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Pramod prakash v. 3rd A.D.J.Meerut - WRIT - A No. 21969 of 1982  RD-AH 2103 (25 August 2005)
Court No. 32
Civil Misc. Writ Petition No. 21969 of 1982
Pramod Prakash Vs. 3rd A.D.J. Meerut and others
Hon. Vikram Nath J.
This writ petition has been filed by the landlord for quashing the judgment and order dated 12.10.1987 and 2.9.1985 passed by respondents 2 and 1 respectively whereby the application of the petitioner for release of the premises in dispute under section 21(1)(a) of U.P. Urban Buildings (Regulation of Letting, Rent and Eviction) Act, 1972 (hereinafter referred to as the Act) has been dismissed and the appeal against the same has also been dismissed.
The dispute relates to house No.97 Khandak Bazar, Meerut of which the petitioner along with his brother Prem Prakash are the owners. On the first floor of the said building, the respondent no.3 is a tenant. Originally one Sri Gopal was the owner of the house in dispute. However, after his death pursuant to the partition between the brothers two third portion of the tenanted accommodation went in share of Hem Prakash and one third fell in the share of the petitioner. Accordingly, the rent which was being received by Sri Gopal father of the petitioner was proportionately divided between two brothers. Sri Hem Prakash sold his share in premises in dispute to Sri Raj Kishore Sharma. Further the petitioner along with his family members was residing in his tenanted accommodation at 62, Dalampara, Meerut city. The family of the petitioner consisted of himself, his wife, two sons and two daughters. The accommodation available to the petitioner was three rooms and three Veranda. When the elder son of the petitioner became of marriageable age the petitioner applied for release of his portion in the tenancy of the respondent no.3 in order to settle his eldest son. The release application was filed on 21.6.1983 and was registered as P.A. Case No. 109 of 1983. In para 9 of the release application it was specifically averred that the defendant tenant had purchased a residential building bearing no. 145 Bhatwara, Meerut City in the year 1968 and the said building was in his possession which comprised of six rooms, kitchen, bathroom and latrine etc. where the tenant easily shift and would not suffer any hardship. This fact was disputed by the tenant in his written statement. Prescribed Authority vide judgment dated 2.9.1985 did not find the petitioner landlord to have bonafide need of the premises in dispute and accordingly rejected the release application. It further recorded a finding that there was no evidence on record placed by the landlord to establish that the tenant was the owner of the house no.145 Bhatwara, Meerut. Aggrieved by the same the petitioner filed appeal under section 22 of the Act which was registered as Misc. Appeal No. 325 of 1985. During pendency of the appeal the petitioner learnt that the tenant had again purchased house no. 145 Bhatwara, Meerut vide registered sale deed dated 23.8.1985. After obtaining certified copy of the sale deed it was filed along with an affidavit dated 15.10.1986 before the appellate court. Counter affidavit dated 25.03.1987 was also filed by the tenant in reply which has been filed as Annexure-CA-6 to the counter affidavit. The appellate court vide judgment dated 12.10.1987 dismissed the appeal. Aggrieved by the same the landlord has filed the present writ petition.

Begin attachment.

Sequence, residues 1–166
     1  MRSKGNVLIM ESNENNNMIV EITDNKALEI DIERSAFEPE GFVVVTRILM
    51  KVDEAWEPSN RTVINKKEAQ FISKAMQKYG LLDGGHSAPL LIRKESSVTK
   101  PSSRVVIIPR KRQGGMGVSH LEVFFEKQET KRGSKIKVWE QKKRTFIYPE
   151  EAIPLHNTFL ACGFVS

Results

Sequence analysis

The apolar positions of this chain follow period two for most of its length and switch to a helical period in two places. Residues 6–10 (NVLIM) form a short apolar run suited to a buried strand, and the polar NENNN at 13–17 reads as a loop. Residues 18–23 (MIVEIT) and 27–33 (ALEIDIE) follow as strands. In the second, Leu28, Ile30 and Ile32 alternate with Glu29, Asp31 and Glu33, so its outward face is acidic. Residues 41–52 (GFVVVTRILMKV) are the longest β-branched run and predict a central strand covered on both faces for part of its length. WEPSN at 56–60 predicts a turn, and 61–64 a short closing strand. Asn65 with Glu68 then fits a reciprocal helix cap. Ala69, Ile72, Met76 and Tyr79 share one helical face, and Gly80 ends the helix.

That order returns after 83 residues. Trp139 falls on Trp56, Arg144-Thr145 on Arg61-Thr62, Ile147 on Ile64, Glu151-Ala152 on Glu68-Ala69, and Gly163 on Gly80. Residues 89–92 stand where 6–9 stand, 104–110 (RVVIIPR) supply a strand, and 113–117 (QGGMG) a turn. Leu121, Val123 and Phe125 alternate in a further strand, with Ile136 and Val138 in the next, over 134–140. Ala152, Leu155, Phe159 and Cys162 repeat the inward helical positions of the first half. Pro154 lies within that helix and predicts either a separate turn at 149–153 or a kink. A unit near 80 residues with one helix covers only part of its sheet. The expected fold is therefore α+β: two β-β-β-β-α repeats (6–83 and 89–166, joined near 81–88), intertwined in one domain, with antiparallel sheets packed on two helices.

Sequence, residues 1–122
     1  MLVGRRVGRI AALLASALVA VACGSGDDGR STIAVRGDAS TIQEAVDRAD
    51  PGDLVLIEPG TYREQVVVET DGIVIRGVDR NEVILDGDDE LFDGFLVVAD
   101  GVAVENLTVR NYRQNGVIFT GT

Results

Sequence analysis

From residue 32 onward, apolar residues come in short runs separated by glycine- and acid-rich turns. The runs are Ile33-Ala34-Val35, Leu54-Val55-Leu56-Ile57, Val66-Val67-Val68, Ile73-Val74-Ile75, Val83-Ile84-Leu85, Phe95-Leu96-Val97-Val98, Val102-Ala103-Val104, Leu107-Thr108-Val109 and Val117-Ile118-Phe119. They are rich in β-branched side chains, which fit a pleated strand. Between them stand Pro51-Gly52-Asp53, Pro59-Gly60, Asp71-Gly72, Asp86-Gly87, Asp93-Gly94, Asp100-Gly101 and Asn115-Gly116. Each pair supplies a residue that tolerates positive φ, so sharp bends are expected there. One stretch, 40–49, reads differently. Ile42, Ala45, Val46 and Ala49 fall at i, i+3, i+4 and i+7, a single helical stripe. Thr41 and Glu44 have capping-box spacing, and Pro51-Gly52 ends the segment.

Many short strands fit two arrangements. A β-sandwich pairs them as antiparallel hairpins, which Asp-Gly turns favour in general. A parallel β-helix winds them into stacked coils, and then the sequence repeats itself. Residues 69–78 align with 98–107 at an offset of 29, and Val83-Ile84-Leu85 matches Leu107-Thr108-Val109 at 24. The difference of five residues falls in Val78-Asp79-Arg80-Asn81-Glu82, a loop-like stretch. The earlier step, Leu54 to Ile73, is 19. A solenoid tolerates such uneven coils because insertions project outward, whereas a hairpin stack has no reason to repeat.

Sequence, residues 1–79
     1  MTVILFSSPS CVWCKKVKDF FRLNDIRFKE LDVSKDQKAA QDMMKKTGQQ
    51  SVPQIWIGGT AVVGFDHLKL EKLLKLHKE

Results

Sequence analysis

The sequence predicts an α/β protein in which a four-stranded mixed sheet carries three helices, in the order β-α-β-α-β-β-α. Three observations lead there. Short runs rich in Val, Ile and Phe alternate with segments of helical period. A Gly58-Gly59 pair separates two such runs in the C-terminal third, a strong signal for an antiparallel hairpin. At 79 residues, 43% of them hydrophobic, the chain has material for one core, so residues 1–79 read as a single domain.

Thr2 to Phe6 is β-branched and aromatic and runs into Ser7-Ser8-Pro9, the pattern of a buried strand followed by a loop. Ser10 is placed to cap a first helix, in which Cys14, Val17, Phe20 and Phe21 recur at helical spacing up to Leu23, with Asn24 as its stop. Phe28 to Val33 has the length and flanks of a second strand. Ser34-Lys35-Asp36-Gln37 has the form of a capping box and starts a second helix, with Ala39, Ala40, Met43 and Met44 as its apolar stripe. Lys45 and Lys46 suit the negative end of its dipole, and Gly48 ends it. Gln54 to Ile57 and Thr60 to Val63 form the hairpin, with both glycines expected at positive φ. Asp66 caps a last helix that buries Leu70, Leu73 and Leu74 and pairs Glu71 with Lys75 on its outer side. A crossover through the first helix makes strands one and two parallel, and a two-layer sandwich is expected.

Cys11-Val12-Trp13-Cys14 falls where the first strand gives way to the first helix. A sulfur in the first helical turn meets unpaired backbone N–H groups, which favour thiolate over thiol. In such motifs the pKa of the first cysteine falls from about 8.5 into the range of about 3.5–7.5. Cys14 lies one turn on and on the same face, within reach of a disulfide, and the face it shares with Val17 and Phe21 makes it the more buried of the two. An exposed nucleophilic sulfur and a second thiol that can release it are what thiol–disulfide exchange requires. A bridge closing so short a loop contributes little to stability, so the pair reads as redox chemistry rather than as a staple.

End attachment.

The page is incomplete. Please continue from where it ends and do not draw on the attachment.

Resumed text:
I have heard Sri Pramod Jain learned counsel for the petitioner and Sri U.K. Saxena, learned counsel for the respondent no.3.